Brazzaville Beach by William Boyd

Of chimps and humans…

😀 😀 😀 😀 😀

As Hope Clearwater sits on the beach outside her home in the Republic of the Congo, she looks back over the circumstances of her life that have brought her here: her marriage to mathematician John Clearwater, and her later work at Grosso Arvore, a chimpanzee research project run by the world-famous primate expert, Eugene Mallabar. The two stories, though separate, have the common theme of the pursuit of scientific fame and the toll that can take on those who fail. There are other themes too – the war that rumbles on in the Congo, the evolutionary and genetic links between human and chimp – and a third story, of Hope’s love affair with Usman Shoukry, an Egyptian mercenary pilot fighting on the pro-government side in the war, though this strand has less weight than the other two.

While each strand is told linearly in time, the book cuts between them so that the reader is following them all simultaneously. Hope’s marriage to John is happy at first. She is contentedly working as an ecologist mapping ancient hedgerows, while John is immersed in the study of chaos theory – a subject Hope can’t even pretend to understand but she does understand John’s passion for it. Gradually though, as John repeatedly fails to achieve his own goal to make a unique contribution to the subject, his mental health begins to show the strain. Jumping from one mathematical discipline to another, alternating between heavy drinking and total abstention, John’s behaviour becomes progressively more erratic and their marriage comes under ever greater strain.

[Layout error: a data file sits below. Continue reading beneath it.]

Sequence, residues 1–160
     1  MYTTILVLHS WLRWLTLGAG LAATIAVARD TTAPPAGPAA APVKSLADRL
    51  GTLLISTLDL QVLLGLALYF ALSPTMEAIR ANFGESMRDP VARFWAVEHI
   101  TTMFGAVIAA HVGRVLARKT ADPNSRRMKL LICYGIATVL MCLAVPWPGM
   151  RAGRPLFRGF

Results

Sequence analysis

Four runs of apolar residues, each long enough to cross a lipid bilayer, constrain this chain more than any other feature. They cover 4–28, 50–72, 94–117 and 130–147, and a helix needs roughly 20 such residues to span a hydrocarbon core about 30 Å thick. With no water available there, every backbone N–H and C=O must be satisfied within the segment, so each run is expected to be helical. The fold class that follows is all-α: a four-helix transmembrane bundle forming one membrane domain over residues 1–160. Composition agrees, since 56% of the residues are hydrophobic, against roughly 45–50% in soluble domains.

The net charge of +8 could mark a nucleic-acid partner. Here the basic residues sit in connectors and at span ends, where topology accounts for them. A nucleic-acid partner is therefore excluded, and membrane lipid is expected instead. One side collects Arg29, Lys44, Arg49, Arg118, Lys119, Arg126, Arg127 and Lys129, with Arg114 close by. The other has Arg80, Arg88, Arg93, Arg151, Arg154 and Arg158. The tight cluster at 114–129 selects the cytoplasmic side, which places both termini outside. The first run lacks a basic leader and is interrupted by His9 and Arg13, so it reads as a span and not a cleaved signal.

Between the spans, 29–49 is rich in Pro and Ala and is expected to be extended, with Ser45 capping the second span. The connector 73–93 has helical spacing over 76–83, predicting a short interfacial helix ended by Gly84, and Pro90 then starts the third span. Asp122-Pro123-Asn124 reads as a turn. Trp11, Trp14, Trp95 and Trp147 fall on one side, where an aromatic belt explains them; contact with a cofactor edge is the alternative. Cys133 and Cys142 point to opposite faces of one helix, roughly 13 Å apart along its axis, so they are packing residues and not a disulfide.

The reader knows from the second strand, at Grosso Arvore, that the marriage ended, but doesn’t know how or what was the final straw until towards the end of the book. But we see Hope, still young, now researching chimp behaviour in Africa. Her task is to observe a small group of chimps who have broken away from the main group. Eugene Mallabar is about to publish what will be his magnum opus – the last word on chimpanzees – and his reputation is what brings in the grants and donations that make the research possible. But Hope begins to see behaviour in her chimp group that doesn’t tie in with Mallabar’s research. At first, she tells him about this but he dismisses her – he doesn’t want his research threatened. So she begins to conduct her own research and is increasingly disturbed by what she discovers.

William Boyd

Hope sees Usman whenever she goes to the nearby town for supplies for the project. But on one trip, she and a colleague are taken captive by a group of rebels. Although this is a fairly small part of the overall story, it’s one of the most powerful – Boyd gives a compelling picture of the chaos of this kind of indeterminate warfare which is so commonplace on the African continent.